Councillor Thorkelson in particular, has offered up a number of concerns over the environmental impact on salmon stocks and the fishery of the Lelu site. Making known in the past her preference for LNG development to migrate further north of Prince Rupert, a suggestion she first made back in December of 2012.

Since those days of early discussions on the arrival of LNG on the North Coast, Airshed and other environmental concerns have also been of interest to Council when it comes to themes of development for the projects proposed for south of the city, or further north at Grassy Point.

Considering those concerns from the many discussions on LNG around the Council table,  even with potential economic tax benefits from such development, there may be cause for a few raised eyebrows, when it comes to the idea of developing an LNG terminal relatively close to the urban area of the city.

Beyond any issues over the environmental aspects and other concerns that could be raised regarding such a project that would be within sight of the city's east side, there's the prospect of increased traffic through Prince Rupert harbour.

Should the LNG project proposed for an area across from Seal Cove move forward, Prince Rupert residents would eventually see LNG tankers transiting the entire length of the fairly active Prince Rupert harbour.

Travelling from south to north, crossing past the downtown waterfront area and then shifting to the north east towards the proposed site across from Seal Cove and northbound along Tuck Inlet, an area which is also used by the float plane industry in the city. (The route would be reversed upon departure with a full load).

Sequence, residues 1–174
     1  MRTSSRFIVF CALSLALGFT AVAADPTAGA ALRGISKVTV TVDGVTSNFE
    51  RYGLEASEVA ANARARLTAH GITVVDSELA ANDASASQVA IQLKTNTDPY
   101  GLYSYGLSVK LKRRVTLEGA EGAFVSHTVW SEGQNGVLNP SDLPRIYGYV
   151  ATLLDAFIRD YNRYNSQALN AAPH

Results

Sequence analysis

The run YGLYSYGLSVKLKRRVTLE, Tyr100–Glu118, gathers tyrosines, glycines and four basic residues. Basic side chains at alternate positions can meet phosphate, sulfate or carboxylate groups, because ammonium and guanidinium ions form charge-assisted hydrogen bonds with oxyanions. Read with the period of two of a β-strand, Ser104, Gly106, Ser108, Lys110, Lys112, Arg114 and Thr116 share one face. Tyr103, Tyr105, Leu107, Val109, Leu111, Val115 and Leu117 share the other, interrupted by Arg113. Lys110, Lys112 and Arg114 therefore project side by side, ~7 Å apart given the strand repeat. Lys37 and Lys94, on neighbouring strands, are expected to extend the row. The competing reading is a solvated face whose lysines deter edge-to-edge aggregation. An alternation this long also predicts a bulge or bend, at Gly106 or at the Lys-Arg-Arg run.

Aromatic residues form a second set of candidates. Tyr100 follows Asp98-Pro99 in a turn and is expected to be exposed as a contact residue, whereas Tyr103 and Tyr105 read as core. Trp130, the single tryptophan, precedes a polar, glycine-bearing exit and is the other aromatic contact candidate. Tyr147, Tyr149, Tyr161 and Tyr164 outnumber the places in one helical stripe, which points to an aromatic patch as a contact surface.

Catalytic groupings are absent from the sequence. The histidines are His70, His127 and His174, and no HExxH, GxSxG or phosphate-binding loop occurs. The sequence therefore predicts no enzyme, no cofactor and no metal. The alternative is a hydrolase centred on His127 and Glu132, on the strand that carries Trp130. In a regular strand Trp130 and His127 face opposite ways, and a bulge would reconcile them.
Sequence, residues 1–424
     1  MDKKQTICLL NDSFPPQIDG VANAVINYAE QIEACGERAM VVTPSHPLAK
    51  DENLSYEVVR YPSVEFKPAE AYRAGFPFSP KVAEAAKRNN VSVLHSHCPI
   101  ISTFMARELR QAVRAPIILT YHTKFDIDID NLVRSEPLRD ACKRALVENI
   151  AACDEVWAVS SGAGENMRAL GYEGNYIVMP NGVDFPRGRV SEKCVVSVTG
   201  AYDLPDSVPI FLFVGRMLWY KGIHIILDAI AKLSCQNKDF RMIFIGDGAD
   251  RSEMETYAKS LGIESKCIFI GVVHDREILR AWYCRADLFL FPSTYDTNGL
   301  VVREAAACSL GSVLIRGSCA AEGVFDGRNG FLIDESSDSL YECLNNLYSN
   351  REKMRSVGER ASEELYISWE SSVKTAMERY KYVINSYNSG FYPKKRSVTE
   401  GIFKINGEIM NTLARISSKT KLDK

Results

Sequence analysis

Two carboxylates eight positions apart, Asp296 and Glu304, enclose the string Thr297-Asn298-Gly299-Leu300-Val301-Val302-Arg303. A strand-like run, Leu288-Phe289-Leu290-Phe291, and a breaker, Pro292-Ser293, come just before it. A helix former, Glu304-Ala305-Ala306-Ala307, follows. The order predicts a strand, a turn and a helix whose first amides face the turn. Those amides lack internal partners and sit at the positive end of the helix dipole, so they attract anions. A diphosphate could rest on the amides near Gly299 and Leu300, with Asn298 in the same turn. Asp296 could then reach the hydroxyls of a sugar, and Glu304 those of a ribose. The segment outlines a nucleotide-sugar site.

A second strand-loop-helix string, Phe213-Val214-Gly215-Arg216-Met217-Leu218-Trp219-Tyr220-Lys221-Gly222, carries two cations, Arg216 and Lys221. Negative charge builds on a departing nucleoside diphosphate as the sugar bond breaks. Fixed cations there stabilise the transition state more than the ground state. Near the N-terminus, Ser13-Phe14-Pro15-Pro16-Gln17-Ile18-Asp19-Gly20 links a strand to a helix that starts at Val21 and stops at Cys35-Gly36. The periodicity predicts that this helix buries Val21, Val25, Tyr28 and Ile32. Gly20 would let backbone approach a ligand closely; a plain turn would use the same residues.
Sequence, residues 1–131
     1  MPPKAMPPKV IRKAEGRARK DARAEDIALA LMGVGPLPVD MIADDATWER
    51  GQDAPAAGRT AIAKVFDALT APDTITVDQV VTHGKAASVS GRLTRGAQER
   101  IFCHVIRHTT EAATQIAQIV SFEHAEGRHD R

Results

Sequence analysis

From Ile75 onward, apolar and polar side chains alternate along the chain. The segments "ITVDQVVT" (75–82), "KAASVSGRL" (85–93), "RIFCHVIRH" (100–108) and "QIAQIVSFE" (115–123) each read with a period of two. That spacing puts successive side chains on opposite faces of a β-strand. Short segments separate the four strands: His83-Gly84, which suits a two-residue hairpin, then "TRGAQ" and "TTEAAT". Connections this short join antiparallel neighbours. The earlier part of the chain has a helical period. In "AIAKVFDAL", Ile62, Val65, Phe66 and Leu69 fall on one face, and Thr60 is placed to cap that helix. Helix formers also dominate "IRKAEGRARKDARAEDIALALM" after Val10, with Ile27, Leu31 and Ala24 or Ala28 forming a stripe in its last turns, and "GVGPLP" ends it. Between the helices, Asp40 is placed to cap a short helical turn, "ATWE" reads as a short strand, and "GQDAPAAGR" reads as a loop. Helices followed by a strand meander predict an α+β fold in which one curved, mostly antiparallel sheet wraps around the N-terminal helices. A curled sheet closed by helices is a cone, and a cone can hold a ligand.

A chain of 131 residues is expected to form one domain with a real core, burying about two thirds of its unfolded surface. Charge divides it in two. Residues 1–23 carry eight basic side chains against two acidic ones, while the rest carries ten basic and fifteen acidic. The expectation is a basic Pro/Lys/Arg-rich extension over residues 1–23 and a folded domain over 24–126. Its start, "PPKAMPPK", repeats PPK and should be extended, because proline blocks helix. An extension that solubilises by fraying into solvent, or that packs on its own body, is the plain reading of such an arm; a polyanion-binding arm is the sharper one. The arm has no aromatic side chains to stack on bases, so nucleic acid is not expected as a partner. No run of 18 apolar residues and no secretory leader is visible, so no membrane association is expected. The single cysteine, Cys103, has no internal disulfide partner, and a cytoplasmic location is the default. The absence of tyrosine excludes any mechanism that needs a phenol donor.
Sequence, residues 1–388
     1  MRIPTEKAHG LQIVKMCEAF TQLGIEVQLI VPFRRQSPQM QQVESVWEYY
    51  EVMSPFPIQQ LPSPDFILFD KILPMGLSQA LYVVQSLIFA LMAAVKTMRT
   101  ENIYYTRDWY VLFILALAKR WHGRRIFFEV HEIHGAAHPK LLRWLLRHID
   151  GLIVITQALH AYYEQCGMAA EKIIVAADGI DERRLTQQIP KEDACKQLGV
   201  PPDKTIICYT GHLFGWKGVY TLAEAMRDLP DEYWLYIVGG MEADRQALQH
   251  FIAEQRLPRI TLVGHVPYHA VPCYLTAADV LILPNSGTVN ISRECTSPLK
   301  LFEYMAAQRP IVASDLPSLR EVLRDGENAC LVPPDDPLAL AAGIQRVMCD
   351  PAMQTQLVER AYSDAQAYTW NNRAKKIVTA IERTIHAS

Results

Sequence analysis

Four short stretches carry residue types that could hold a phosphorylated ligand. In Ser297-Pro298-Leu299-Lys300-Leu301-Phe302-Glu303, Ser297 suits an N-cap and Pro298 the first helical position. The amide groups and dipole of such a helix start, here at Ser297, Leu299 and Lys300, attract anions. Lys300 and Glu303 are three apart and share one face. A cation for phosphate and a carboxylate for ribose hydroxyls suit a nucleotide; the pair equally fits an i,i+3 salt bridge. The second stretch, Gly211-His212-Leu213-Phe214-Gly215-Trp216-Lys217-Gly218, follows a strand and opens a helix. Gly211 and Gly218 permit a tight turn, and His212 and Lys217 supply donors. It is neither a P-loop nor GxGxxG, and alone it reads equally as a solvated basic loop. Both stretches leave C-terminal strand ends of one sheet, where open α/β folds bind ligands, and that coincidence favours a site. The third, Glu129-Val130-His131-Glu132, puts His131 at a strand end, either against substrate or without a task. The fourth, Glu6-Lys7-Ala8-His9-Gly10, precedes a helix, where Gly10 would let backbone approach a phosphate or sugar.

While we imagine that many, if not the majority of those living in the region are hopeful for the LNG boom.  We suspect a good number of residents might be inclined to see the LNG plants and terminal locations, as well as the LNG ships that will be arriving at them, located in regions of the area already earmarked for industrial development.

Locations such as Ridley Island and Lelu Island, or as the other proposals on the drawing board suggest, to the north at Grassy Point.

Considering how much time of late, that Council has had to allocate when it comes to local concerns over the Pinnacle Pellet file. One might imagine the prospect of LNG ships making that transit through the harbour along with a proposed development of an LNG terminal in close proximity to the city's watershed, may soon take up a fair bit of Council's attention should the proposal ever get to a project stage.

The surprise announcement of the City's plans for Lot 444 gives cause to think back to the days of the Alternate Approval Process that brought the watershed lands inside the Municipal Boundary.

One wonders, how if at the time, the City had outlined that industrial development, including an LNG terminal was also part of their plans for that parcel of land, that perhaps the discussion and participation levels at the time of that consultation might have been a bit more robust in the community.

You can review Council's review of the changes planned for Lot 444 from the Video Archive for May 26, Mr. Long's outline and the comments of the Mayor and Councillor Thorkelson take place starting at the one hour, eight minute mark of the video player timeline.

For more items of interest on developments at Prince Rupert City Hall see our Archive page.